Munchkin Christmas in July on Kickstarter is a Loot Box?

Munchkin Christmas in July

Well here is a confusing conundrum

Munchkin is a game I only just mentioned the other day, and now it’s caught my attention again.  The game appeals to a certain mindset of player, and has a loyal fanbase.  The world of Munchkin and puns I enjoy more than the base card game it is all based on.

In a neck breaking change of topic, Loot Crates.  Video Gamers widely hate them, or so the internet screams.  And yet microtransaction and Loot Crate income for publishers increases year after year.

The idea of a Loot Box is simple – pay a set amount of money, and get a box with you have no idea what is inside.  Oh, you know a certain theme or an idea of the contents, but you don’t know for sure.

I personally enjoy Loot Crates and have for a couple of years.  They have even branched out over the last few years with themed boxes, such as Marvel.  I am even thinking of getting a new one, the Loot Gaming crate.  It’s Video Game based, but I enjoy games.

If you would like to check out Loot Crate, you can get USD$5 off your first month here with my referral code.  **If you do sign up with this code, I also get $5 off one box, just to be clear 🙂

Loot Crate Loot Gaming Crate
A past Loot Gaming crate. The items are Video Game themed, but I have been thinking of this one for a while.

A loot box for Board Gamers, especially new gamers looking to increase their library, is Board Game Bento.  The exact same idea, but instead of some geeky memorabilia and the like, you get Board Games!  Full copy, sealed, just for you Board Games!

Now I don’t subscribe to Board Game Bento, but not because I think it’s a bad idea.  I already have a lot of games, so paying for mystery games each month is possibly a good way to double up.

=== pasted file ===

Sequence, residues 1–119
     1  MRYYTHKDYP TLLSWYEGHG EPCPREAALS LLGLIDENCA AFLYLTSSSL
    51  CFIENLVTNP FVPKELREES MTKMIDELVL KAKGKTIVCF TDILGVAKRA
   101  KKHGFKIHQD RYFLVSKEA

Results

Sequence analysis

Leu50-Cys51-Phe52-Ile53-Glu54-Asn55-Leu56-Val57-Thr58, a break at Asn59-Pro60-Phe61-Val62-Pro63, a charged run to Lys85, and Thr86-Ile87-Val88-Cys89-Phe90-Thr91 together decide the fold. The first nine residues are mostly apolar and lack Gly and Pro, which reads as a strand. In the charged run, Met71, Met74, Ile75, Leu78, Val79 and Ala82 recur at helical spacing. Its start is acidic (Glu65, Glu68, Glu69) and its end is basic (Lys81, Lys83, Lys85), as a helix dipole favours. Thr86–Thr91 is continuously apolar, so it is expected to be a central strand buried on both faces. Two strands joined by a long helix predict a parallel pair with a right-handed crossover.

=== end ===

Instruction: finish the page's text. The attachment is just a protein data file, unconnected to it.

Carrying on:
With my Kickstarter habits starting to have to come under more reasonable spending, I am reconsidering this stance.  It’s a fixed cost so easy to budget for, and is a guaranteed three or so new games a month.

The thing that is really swaying me is that what I have seen of the last couple of boxes includes things that haven’t reached Australia at all.

It’s an older box, but YouTuber Claire Din has an unboxing video from 2017 to give you an idea of what comes in a box.

OK, So we know what a Loot Box is, what’s this got to do with Munchkin and Kickstarter?

Yep, it’s a long journey, but bottom line Steve Jackson is doing a Munchkin Loot Box, and it’s on Kickstarter for a short time.

It’s not being called a Loot Box, but rather ‘Christmas in July’.

For USD$60, that is going to have to be a lot of Munchkin.  Base Munchkin retails for about USD$25, so there should be a lot of swag involved!

And it looks like there is.

Munchkin Christmas in July Whats Inside
From the Kickstarter Project, everything you will and might get in the loot box

There is also a USD$11 tier (Well, $8+Shipping) just for the bookmark and some promo cards, which isn’t a bad deal at all.

However, if you aren’t in the US and would like this box, be prepared to use a service like ShopMate or MyUS.  Delivery is to the United States only, so there will be some shipping costs on top.

I am surprised that Steve Jackson Games has gone Kickstarter for what is essentially a Loot Box run, and that the campaign is so short (5 days!).  There is definitely going to be demand for it – Munchkin, as I said, has a loyal and large fanbase.  The 150 pledges with the signed bookmark by Steve Jackson himself went immediately.  But it’s not a bad thing, and shows that Kickstarter can be used for many things.

If you want to get into Munchkin, this may not be a bad idea, especially if you live outside of the US.  Getting base games are rarely difficult, but the extras are hit and miss in Australia and I am guessing other countries as well.

But remember it’s a loot box – you can’t guarantee the version you are going to get.

Until next time,

JohnHQLD

Quick update to the Space Goat Productions Kickstarters

Space Goat Productions Logo

And I used to like The Sound of Silence

As I posted a few weeks ago, Space Goat Productions was offering equity via a WeFunder campaign.

My response was public – it was the linked article.  The short version was that Space Goat had been following a pattern of silence, and questioned the validity of the ‘Key Facts’ listed on the WeFunder page.

Today, Shon C Bury finally posted on Kickstarter after weeks of silence.  No avenue of questioning seemed to be worthy of a response – Kickstarter, Social Media, or even the Better Business Bureau.

The update:

Terminator Quick Update
Quick Update from Shon C Bury on the Terminator page. The same update was posted to the Evil Dead 2 campaign page.